• Fragrance - personally, I'm ok with fragrance in general but I know some of you are not, so in your case, keep an eye on how high it is in the inci list, and bear in mind that fragrance can contain hundreds of ingredients - and all be listed as 'fragrance'. If essential oils are your concern, they will be listed individually and easy to spot.
That's it for an overview of what I look for at a glance. Bear in mind, this list is EU and UK relevant. The USA is another ballgame and an entirely different minefield altogether. The FDA are nowhere near as stringent as the EU with ingredients and %s. 
If you have any questions leave me a comment and I will answer what I can and refer you to relevant people/authorities if I'm unsure.

Tuesday, 1 September 2015

Beauty Myths No.16 - Active vs 'Inactive' Ingredient

What used to relate purely to ingredients that qualify as drugs, is now used as a marketing tool industry-wide and to say that the terms 'active' and 'inactive' are overused and abused by marketing departments everywhere is an understatement.

Active ingredients - traditionally, when used in products considered drugs i.e. SPF products - are 'any component of a drug product intended to provide therapeutic and pharmacological activity in direct effect to a diagnosis, cure, mitigation, treatment, or prevention of disease, or to affect the structure or any function of the body of humans.' 
Depending on your country, retinoids, acids, sunscreens like oxybenzone and avobenzone are all considered 'active'.
They are considered active enough to change the structure of the skin. Take prescription strength retinoids. In a product like that, the vitamin A will be classed as the drug and therefore 'active' and the rest of the ingredients are 'inactive' because they make up the formula/emulsify/are the delivery system and do not actually change the structure of skin at all. A lot of ingredients considered truly 'active' will have a maximum % that they are allowed to be used at in any formula.

Inactive ingredients - officially, are 'any component of a drug product other than the active ingredients.'

However, we are now seeing the words 'active' and 'inactive' bounded about everywhere as the general rule, not the exception to be used only in the case of drugs.

A brand will say 'active' ingredients are peptides, vitamin c, seaweed, whale sperm, witch's warts...pick something. What they actually mean when they say this is 'what we are charging you the big bucks for'.
Inactive ingredients are all too often completely glossed over, ignored or relegated to the very smallest font on the pack and except in the rarest of circumstances, essentially mean 'the bulk of the product' i.e. water/carrier oils etc.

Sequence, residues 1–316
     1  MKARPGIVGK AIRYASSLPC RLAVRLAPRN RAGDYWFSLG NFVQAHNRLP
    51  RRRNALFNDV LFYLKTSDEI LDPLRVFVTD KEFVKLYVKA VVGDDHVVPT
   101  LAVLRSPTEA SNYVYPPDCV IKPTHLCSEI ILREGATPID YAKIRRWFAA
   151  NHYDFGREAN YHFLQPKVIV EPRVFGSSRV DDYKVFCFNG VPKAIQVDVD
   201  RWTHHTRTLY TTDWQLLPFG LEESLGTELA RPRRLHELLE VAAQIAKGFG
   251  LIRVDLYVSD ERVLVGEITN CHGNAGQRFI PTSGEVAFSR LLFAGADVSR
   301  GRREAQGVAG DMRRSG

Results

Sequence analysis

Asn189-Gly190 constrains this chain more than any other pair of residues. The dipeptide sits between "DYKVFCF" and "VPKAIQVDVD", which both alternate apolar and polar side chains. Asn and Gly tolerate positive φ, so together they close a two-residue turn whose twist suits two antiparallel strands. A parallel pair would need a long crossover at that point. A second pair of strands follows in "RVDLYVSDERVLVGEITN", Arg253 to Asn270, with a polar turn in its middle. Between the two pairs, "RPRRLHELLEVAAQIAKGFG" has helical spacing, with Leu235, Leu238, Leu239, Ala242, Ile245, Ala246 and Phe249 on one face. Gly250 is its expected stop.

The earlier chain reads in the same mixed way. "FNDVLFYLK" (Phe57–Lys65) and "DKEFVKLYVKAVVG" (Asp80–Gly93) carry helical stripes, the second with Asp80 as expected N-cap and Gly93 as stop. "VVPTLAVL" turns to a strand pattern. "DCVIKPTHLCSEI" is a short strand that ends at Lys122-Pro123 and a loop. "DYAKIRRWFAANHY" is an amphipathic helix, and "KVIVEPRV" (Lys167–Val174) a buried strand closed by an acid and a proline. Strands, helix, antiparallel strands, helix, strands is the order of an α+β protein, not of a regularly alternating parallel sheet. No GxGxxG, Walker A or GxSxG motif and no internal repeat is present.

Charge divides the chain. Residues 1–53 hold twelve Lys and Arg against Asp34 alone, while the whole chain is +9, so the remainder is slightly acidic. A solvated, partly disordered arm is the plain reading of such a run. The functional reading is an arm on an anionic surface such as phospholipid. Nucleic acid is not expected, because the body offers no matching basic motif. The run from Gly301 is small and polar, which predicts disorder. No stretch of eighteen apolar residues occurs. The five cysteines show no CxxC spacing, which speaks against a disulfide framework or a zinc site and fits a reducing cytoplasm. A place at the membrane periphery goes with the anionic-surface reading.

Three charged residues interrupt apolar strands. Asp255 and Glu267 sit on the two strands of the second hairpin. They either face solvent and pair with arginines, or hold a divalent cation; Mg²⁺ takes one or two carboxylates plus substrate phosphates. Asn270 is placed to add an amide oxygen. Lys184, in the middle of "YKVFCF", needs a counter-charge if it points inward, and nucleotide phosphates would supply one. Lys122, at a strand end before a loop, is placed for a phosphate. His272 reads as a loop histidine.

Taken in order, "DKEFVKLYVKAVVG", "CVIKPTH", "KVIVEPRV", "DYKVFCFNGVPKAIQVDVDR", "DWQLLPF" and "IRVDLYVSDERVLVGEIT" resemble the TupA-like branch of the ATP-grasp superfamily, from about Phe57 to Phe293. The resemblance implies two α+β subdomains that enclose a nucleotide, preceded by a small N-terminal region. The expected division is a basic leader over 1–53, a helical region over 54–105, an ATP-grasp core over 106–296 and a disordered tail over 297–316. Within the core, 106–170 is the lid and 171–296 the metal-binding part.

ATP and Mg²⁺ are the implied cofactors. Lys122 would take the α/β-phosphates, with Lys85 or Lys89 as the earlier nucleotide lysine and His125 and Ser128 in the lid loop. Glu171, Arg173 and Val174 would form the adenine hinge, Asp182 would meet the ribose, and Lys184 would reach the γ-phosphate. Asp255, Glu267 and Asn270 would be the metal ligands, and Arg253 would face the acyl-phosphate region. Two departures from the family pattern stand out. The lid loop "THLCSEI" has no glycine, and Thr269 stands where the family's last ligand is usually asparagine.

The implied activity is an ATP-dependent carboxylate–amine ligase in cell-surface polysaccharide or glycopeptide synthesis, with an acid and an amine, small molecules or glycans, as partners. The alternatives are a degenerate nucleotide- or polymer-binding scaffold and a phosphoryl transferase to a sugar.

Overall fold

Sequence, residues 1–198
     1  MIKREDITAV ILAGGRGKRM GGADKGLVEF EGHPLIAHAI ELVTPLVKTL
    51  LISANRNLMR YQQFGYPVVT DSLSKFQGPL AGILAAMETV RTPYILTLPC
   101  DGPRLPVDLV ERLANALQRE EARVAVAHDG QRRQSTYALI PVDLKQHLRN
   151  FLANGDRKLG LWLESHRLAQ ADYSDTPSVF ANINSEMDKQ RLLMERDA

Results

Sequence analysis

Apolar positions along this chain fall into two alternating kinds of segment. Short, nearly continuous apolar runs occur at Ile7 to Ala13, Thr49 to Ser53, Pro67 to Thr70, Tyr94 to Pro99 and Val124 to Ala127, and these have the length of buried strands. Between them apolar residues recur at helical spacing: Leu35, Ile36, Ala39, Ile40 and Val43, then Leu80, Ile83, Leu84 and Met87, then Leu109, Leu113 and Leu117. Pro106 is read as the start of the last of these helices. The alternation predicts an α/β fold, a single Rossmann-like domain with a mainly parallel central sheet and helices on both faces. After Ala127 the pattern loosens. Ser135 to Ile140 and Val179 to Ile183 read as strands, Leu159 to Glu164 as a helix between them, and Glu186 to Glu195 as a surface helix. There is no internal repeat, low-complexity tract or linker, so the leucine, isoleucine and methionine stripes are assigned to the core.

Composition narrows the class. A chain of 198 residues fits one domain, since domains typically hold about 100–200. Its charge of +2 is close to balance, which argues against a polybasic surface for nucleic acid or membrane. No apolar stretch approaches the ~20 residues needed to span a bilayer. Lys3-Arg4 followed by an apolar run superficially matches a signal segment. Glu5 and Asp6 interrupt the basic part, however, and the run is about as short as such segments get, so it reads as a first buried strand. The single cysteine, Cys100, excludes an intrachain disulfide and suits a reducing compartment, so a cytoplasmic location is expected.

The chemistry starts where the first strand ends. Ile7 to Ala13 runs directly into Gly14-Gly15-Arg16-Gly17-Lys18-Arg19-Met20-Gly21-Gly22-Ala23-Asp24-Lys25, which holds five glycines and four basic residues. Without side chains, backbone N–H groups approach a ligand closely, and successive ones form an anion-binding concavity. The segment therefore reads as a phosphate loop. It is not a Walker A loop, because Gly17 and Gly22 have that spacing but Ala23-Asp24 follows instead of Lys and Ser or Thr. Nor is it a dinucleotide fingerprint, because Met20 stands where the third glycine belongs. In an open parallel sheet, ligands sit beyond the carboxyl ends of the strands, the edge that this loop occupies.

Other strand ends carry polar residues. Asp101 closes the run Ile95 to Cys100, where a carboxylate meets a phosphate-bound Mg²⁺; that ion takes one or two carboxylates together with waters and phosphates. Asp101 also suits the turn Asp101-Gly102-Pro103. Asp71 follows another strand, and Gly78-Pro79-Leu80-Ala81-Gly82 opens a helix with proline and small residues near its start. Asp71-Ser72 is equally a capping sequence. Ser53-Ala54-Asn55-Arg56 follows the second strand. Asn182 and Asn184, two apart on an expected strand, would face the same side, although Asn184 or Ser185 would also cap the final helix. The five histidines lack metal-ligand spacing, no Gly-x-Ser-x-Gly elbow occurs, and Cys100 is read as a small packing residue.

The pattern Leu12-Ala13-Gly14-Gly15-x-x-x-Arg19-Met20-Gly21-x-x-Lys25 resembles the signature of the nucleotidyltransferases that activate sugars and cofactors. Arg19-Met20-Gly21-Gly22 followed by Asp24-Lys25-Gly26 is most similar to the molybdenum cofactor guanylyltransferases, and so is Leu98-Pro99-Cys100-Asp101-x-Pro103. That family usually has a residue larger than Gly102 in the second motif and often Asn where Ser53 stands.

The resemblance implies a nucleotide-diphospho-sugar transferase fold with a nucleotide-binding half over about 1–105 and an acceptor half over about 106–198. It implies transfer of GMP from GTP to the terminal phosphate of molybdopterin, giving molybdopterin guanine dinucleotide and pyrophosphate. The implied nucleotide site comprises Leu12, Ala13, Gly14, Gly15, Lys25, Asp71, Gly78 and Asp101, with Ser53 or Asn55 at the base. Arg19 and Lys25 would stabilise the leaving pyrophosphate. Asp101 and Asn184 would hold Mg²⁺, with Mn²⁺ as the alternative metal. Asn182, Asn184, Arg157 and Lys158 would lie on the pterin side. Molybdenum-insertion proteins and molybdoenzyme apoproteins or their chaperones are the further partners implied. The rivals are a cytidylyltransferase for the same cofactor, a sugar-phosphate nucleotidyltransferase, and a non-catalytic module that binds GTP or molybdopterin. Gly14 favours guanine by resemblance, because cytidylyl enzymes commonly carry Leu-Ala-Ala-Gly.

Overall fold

The potential problems arise when unknowing customers purchase something assuming that 'inactive' means 'has no effect on the skin'. Just because something doesn't change the structure of the skin ('active') does not mean that something does not affect the skin. 

Alcohol, fragrance and silicones, for example, are all 'inactive' ingredients, yet the ones I am asked about the most from readers. You can bet that a high level of alcohol in a product will be 'active' on your skin in some way.

If a bacon sandwich was skincare, the bacon would be labelled on the pack as the 'active' ingredient, but the bread would certainly be an active ingredient to someone with a gluten intolerance or a wheat allergy.

Ignore the marketing hype, read the ingredients label. That's where you see what is likely to be an 'inactive' ingredient that could actually be something 'active' for you to look out for.

Some brands have started using bold type for their 'active' ingredients in their inci lists in order to make them stand out. Clever, but not if you know what you are looking at. 

Tomorrow: how to read an ingredients label.

Monday, 31 August 2015

First Aid Beauty Giveaway

To celebrate their launch into Selfridges Oxford Street and online at this month, First Aid Beauty, one of my favourite hard-working, affordable ranges, are holding a takeover of the Selfridges Beauty Workshop this week. From today until Sunday 6th they are on site to offer sampling, talk about the range and advise you personally for the best products for you.

They are also offering one lucky reader both here and on my Instagram, the chance to win 6 of my favourite FAB products.

To win this lovely lot:

Milk Oil Conditioning Cleanser

Facial Radiance Pads
Vitamin Hydrating Mist
Ultra Repair Hydra-Firm Sleeping Cream
Facial Radiance Overnight Mask
Ultra Repair Body Lotion

Simply enter via Rafflecopter below:

  • Open Internationally